​Optical monitoring of laser blown powder Directed Energy Deposition
​Image credit: Antonio Ancona, University West​

Quality assurance and control in additive manufacturing

We develop guidelines on how to perform inspections to assess the geometry of additive manufactured (AM) parts, as well as innovative non-destructive evaluation techniques. Robust in-line process monitoring systems will also be developed aiming to detect in real time defects, understand what can be influencing the process quality and, in the future, set up appropriate control actions to avoid  defects into built components.   

Manufacturing separately customized single parts with reasonable costs is one of the main advantages of AM technologies, which promises to revolutionize the manufacturing industry. However, this poses the challenge of assuring the quality and consistency of each single piece. 

This requires very stable and controlled fabrication process conditions in combination with the steady raw material properties during the whole build process of the component. With this perspective, post-process inspection, non-destructive evaluation and on-line AM process monitoring and control are of crucial importance.

Four initiatives

​In each research area there are specific ongoing initiatives. In this area, there are four:​
  1. Tolerancing and inspection of metal AM parts
    The objective is to create guidelines for industry on how to work with tolerancing of metal AM parts as well as on how to perform inspection regarding both geometrical dimensions and surface topography.
  2. Non-destructive evaluation of built structures
    The focus is on the selection and effective implementation in industrial scenarios of NDE technologies among acoustic, ultrasonic, radiography, shearography (with capability for through thickness discrimination) and visual, eddy current, magnetic, penetrant and thermography (typically limited to surface operation).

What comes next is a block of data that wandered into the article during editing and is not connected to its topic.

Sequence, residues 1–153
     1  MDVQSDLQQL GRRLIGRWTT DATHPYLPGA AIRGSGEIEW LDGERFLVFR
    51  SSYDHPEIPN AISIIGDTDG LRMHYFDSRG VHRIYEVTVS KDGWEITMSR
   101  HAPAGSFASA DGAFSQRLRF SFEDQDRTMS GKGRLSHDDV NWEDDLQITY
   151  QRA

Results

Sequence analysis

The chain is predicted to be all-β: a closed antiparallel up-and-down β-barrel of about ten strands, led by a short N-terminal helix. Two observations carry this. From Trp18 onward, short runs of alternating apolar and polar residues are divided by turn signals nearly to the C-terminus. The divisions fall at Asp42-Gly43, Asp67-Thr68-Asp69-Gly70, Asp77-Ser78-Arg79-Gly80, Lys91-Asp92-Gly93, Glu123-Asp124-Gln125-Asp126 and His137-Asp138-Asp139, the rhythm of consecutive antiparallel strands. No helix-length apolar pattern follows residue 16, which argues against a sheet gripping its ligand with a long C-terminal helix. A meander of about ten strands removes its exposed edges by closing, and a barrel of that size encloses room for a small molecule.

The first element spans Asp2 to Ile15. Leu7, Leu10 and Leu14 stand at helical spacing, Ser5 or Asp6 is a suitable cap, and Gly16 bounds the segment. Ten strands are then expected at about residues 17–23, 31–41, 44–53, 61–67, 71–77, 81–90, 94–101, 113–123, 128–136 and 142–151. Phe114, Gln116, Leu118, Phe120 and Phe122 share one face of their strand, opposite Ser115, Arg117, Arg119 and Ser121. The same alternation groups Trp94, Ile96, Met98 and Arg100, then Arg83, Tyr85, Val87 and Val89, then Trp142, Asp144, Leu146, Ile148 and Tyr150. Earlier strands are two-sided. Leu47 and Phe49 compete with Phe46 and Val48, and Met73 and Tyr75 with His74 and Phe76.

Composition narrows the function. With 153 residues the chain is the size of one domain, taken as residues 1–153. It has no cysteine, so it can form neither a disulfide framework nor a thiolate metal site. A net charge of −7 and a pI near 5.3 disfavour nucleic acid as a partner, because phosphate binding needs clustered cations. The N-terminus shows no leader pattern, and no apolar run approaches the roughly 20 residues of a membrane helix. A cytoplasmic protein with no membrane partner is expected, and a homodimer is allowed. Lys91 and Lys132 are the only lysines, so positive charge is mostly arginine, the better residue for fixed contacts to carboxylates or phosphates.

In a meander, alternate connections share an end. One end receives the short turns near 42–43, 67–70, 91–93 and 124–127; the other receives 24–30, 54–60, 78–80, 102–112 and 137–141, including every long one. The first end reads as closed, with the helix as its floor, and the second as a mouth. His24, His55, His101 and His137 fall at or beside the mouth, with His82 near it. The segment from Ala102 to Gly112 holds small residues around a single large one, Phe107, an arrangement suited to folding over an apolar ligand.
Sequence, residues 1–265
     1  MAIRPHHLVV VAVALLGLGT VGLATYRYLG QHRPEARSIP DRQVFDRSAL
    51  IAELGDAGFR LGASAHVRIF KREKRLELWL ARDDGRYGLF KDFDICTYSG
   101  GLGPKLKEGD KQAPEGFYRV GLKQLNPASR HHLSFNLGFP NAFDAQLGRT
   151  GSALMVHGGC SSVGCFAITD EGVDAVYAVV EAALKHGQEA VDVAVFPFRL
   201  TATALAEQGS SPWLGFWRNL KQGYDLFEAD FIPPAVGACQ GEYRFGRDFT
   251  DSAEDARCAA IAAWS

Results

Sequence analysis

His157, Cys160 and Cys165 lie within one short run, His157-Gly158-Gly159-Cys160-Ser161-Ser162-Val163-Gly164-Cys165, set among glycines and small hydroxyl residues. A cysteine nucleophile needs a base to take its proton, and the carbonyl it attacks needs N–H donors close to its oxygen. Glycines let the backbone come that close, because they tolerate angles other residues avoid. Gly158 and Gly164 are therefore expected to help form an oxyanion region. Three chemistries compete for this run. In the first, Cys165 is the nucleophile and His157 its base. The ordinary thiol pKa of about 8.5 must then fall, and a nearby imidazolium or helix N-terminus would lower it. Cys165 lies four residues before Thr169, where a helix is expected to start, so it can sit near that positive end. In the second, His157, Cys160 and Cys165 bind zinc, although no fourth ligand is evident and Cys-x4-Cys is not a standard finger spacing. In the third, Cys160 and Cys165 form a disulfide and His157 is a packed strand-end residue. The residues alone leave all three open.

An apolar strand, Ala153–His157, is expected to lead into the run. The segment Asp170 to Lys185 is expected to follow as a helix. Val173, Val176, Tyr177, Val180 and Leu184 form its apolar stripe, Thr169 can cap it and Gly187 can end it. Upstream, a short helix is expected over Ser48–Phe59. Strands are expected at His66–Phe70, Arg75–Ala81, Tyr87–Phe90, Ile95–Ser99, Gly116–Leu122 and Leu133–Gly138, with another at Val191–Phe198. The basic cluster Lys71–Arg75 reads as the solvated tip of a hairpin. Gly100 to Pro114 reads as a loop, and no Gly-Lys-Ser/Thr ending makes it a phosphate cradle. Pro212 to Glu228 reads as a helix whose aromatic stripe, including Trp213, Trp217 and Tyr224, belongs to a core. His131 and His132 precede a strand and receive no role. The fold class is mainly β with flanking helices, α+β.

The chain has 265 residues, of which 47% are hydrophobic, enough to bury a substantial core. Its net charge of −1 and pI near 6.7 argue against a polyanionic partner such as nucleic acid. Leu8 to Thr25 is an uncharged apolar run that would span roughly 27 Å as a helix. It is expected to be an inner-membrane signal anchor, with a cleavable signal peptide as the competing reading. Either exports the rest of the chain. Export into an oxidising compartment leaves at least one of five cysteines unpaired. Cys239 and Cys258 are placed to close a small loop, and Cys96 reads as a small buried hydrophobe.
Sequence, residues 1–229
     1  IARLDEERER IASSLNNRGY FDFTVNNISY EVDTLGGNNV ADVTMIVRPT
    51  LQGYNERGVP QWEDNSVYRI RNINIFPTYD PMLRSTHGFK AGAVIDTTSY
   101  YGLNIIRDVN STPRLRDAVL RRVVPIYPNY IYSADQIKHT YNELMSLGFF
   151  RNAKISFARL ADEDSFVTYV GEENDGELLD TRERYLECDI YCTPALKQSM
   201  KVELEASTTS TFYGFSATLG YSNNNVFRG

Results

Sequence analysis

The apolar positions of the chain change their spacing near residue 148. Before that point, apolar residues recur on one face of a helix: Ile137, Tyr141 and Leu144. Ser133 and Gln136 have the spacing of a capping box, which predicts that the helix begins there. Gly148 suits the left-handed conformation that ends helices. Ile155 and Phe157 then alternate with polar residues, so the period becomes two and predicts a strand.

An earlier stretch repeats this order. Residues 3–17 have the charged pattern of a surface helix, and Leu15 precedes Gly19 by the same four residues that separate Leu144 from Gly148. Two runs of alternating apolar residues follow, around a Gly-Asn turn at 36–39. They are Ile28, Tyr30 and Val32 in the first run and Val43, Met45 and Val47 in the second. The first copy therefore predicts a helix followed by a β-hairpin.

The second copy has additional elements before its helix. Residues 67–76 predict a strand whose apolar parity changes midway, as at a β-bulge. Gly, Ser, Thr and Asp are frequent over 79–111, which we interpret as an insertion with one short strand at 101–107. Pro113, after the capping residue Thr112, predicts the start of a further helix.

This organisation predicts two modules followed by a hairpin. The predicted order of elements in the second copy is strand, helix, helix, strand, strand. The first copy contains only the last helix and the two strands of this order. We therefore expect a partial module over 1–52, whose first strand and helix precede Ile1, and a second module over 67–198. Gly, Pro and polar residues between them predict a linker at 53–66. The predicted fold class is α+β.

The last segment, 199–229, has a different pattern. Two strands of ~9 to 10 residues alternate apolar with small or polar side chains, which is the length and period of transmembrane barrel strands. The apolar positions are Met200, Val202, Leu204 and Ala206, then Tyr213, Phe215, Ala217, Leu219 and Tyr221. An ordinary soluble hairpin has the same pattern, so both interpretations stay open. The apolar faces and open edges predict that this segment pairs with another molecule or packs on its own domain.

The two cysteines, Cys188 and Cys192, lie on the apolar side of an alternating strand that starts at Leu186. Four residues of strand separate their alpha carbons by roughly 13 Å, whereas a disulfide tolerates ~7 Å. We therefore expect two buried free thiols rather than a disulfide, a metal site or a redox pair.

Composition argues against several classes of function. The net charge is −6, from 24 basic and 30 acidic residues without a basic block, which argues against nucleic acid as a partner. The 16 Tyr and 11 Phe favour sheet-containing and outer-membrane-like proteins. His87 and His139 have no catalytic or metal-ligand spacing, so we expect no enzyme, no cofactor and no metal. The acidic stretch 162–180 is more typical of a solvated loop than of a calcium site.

3. In-line Process Monitoring for Direct Metal Deposition 
    The aim is to develop robust and high precision in-line detection methods enabling to detect in real time defects and eventually abort the process thus leading to direct material, energy and valuable machine time savings. This is also a fundamental step for future development of in situ feedback control systems. 
  4. Tailored heat treatment to optimize AM materials properties
    Starting with a critical evaluation of the different state-of-the-art process control systems, the aim is to develop robust process monitoring system for the powder bed AM processes. This will require in particular development of the feedback and control of AM systems, in-situ monitoring and control methods and systems as well as inspection data analysis algorithm for efficient data analysis. 

Research Area Leaders

Prof. Antonio Ancona​, University West and M.Sc. Lars Östergren, GKN Aerospace

Researchers involved

Oskar Tofeldt, Post-doctoral researcher, University West
Assoc. Prof. Anna-Karin Christiansson, University West
Dr. Fredrik Sikström, researcher, University West
Mattias Ottosson, Research Engineer, University West
Agnieszka Kisielewicz, PhD student, University West
Morgan Nilsen, PhD stundet, University West
Prof. Eduard Hryha, Chalmers
Prof. Rikard Söderberg, Chalmers
Dr Johan Berglund, researcher from Swerea

Partners involved

Chalmers, FCC, Swerea IVF, University West, Linköping University, Alfa Laval, Arcam, Atlas Copco, GKN Aerospace, Höganäs, SAAB, Sandvik, Siemens ITAB, Volvo Car Corporation, Volvo GTO, AGA Gas, Carl Zeiss, Quintus Technologies, RZ Riboverken, AIM Sweden, Brogrens Industries, Cascade Control, Lasertech LSHAB, Modul System, Ortoma, Permanova Lasersystem, Tooltec.


Published: Mon 12 Feb 2018. Modified: Thu 15 Mar 2018